# Team:NRP-UEA-Norwich/Theoretical Characterisation

### From 2012.igem.org

**Welcome to the NRP UEA iGEM 2012 Wiki Lab Book**

Please choose the relevant link to access our diary of that week!

Week Zero | Week One | Week Two | Week Three | Week Four | Week Five | Week Six | Week Seven | Week Eight | Week Nine | Week Ten | Week Eleven | Lab Protocols | Experiments

## Comparator Circuit Characterisation

The idea of the comparator circuit is to provide a modular method of signal integration that can produce a sensor which can specifically and quantitatively measure different chemical species within the cell using non specific promoters. Through mathematical modelling, an equation has been assembled which can predict the expression of each of the reporter proteins such as RFP and CFP.

Figure: Theoretical equation to predict the degree of expression of Construct 1 and 2. The full equation has been laid out in a way that is relevant only to Construct 1, however, the numbers can be reversed to be relevant to Construct 2. For ease of explanation, everything described will be relevant to Construct 1.

E = Proportion of expression rate of Construct 1 when both constructs are transcribed (i.e. there is knockdown of one construct) relative to the non-knocked down expression of Construct 1 when only Construct 1 is expressed.

A = The rate of transcription of Construct 1 as a proportion of the maximum transcription rate. As a proportion this is measured on a scale of 0 - 1. As an example if the rate of transcription is half of the maximum rate, rate would be 0.5 (arbituary units). It can be assumed the rate of transcription of construct 1 and 2 due to cellular components (e.g. RNA polymerase) is the same, however, the rate of transcription initiation will dictate the transcription rate. The initiation is reliant on the chemical species interacting with the transcription factor which binds to the promoter (i.e. nitric oxide,nitrates,nitrites to PyeaR). The '1' and '2' refer to the Construct 1 or 2 and hence the promoter and the measured fluorescent protein attached (e.g GFP, RFP, CFP, etc).

L = The length of the Construct 1 in the DNA form that is transcribed (i.e the leader and protein coding region).

Note: Leader refers to the section of RNA at the start of the mRNA that is not translated but has an effect on translation rate.

C = The rate of transcription. Assuming the rate of transcription of Construct 1 and 2 are the same because the same ribosomes and RBS are involved.

T = Half life of Construct 1 when only Construct 1 is present; the natural half life of Construct 1.

K = A constant of the biological system. This can only be measured through observation.

The full equation is modelled on the basic equation of:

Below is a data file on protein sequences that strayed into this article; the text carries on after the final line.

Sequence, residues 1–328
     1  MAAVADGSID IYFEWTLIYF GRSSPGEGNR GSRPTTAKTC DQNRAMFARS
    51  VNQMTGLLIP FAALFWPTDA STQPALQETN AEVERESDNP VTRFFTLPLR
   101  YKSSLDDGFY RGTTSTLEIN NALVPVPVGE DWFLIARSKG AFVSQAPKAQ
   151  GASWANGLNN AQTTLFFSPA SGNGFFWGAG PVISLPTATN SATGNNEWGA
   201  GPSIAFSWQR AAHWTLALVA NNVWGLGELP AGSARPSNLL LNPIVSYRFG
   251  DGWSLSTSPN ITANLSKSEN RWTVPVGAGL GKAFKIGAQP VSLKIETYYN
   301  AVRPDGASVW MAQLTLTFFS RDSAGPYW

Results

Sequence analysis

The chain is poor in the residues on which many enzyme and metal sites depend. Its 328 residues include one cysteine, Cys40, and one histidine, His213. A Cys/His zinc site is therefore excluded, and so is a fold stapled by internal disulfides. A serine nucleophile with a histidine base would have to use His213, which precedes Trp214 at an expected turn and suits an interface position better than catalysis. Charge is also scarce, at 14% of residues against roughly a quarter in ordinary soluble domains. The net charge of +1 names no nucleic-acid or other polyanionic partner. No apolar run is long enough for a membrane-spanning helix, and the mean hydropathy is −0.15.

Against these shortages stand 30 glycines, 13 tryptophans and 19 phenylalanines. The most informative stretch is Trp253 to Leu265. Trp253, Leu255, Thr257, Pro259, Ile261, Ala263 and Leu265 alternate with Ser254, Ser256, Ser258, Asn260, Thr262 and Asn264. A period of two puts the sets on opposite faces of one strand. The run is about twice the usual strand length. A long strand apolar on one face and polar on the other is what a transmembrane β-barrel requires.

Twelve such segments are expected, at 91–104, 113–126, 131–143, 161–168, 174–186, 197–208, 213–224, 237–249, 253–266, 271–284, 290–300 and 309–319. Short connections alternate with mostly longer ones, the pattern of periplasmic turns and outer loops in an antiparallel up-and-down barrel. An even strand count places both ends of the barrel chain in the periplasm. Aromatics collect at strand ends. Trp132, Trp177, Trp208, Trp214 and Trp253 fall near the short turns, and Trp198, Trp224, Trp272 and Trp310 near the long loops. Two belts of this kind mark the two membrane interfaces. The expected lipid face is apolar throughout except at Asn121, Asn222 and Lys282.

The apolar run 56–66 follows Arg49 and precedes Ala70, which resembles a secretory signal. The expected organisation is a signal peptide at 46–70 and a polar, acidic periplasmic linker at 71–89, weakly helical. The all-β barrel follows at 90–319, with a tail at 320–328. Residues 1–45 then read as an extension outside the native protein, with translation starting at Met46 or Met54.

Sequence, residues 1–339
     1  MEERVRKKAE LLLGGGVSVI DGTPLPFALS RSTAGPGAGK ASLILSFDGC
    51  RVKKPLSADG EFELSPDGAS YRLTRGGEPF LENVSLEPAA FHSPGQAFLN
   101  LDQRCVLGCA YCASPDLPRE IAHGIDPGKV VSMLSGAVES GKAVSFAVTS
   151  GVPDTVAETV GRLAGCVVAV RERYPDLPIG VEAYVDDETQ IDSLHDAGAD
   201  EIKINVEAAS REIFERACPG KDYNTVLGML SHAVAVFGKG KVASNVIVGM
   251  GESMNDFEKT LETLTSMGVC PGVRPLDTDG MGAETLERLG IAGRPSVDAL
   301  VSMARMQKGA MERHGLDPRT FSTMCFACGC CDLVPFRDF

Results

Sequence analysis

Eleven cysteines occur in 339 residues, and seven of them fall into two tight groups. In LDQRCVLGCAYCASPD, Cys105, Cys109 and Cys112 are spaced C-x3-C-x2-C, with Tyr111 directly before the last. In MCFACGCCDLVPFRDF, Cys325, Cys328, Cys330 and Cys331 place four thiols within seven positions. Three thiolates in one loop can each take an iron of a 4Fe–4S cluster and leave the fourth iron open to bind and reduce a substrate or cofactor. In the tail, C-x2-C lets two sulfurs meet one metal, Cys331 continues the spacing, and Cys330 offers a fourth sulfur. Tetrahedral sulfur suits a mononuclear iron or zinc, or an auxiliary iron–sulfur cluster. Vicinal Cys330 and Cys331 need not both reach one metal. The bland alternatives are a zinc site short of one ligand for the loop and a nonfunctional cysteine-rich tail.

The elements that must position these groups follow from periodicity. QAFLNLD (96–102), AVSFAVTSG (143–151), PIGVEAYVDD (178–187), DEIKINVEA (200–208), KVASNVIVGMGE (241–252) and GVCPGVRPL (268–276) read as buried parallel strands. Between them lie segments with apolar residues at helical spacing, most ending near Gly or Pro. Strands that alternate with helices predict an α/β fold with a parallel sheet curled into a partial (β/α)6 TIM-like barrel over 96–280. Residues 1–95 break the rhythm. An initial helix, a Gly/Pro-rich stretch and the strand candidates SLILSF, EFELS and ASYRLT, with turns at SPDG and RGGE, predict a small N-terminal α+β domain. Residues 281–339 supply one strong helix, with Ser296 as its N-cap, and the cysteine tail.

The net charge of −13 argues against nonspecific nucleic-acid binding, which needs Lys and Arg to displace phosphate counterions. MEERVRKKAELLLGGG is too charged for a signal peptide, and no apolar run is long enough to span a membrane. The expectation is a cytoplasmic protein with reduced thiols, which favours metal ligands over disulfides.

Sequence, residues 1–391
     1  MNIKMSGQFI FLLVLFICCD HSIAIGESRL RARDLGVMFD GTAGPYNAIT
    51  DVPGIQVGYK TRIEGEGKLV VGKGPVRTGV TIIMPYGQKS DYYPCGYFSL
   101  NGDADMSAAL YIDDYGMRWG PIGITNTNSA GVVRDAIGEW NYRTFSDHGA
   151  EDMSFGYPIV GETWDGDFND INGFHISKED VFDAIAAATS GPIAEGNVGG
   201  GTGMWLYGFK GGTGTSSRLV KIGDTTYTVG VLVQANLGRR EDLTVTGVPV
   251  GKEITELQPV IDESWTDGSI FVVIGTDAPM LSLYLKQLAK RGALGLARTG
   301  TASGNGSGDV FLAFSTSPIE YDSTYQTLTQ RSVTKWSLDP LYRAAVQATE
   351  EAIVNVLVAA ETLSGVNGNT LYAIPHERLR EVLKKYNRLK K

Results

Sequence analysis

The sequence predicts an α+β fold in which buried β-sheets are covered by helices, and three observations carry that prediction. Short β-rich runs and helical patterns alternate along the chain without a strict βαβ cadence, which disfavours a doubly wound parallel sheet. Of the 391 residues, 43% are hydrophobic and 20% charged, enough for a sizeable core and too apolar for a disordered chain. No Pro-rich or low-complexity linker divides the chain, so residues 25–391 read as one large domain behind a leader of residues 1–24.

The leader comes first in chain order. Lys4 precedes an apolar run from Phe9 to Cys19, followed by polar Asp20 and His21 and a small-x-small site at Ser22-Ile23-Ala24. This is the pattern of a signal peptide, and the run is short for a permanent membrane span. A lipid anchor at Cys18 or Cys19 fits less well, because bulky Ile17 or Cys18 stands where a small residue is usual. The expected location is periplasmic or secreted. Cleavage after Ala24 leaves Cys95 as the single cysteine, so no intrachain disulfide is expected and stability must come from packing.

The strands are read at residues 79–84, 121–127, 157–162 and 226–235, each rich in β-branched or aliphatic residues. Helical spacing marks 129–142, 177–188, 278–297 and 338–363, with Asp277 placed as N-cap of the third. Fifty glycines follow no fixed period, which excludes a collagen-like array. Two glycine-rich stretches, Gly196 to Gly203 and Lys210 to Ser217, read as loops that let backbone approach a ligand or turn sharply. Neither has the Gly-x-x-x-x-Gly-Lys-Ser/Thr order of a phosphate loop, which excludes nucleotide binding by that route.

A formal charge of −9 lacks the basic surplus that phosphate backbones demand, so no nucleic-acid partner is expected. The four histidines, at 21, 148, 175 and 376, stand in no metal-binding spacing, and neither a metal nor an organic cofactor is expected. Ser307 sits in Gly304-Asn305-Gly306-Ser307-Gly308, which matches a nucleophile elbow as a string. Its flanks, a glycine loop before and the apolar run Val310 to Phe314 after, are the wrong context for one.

where E is the rate of expression and E(A1) is the same as that explained above.

The additional complexity factors in less assumptions, and mimics a biological system, more closely. Below is a breakdown of the full equation.

This refers to the number of Construct 1 RNA transcripts undergoing transcription at any one time. The length of DNA is particularly important when the chassis is bacterial. In bacteria, as there is no true nucleus, translation occurs simultaneously with transcription. Transcription affects the probability of interaction between construct 1 and 2 and therefore, they are less likely to be translated. As the measurement of fluorescence is the output directly related to the rate of translation, the overall equation measures translation, however, translation rate iis dependent on rate of transcription and degree of knockdown, and hence transcription is factored in here. L/C is the period of time taken for transcription to take place. It is the time in which translation can be initiated but it is unlikely that the two leaders will bind to one another

This part of the equation is the deduction of the knockdown of Construct 1 when there is Construct 2 expression and interaction. The biological constant, k, factors in that not all of construct 2 that is expressed will interact with construct 1 and vice versa. Hence, both exist despite construct 2 existing in small quantities. We believe that depending upon the assembly of the orientation of the two constructs within the plasmid, the interaction and hence the binding efficiency can be altered vastly. If the genes have opposite orientations, so that the termination sites are very close then the reduction of distance will increase the chances of interaction and hence make the sensory system more accurate.

This part of the equation encompasses the natural half life of Construct 1 when it alone is expressed (i.e. no expression of or interaction with Construct 2). As described before in the modelling from the basic equation, this is the lower part of the equation and puts it in perspective of Construct 1 and gives expression as a porportion of the maximum transcription. The half life is also Construct 1's half life.

So to bring it all together; the top half of the equation indicates the degree of translation of the RNA transcribed by the first promoter under any particular transcription rate of the two promoters in arbitrary units. To make this into a meaningful output it is divided by the maximum translation rate at that rate of transcription to equal E(A1); this indicates the degree of attenuation of one RNA from the other.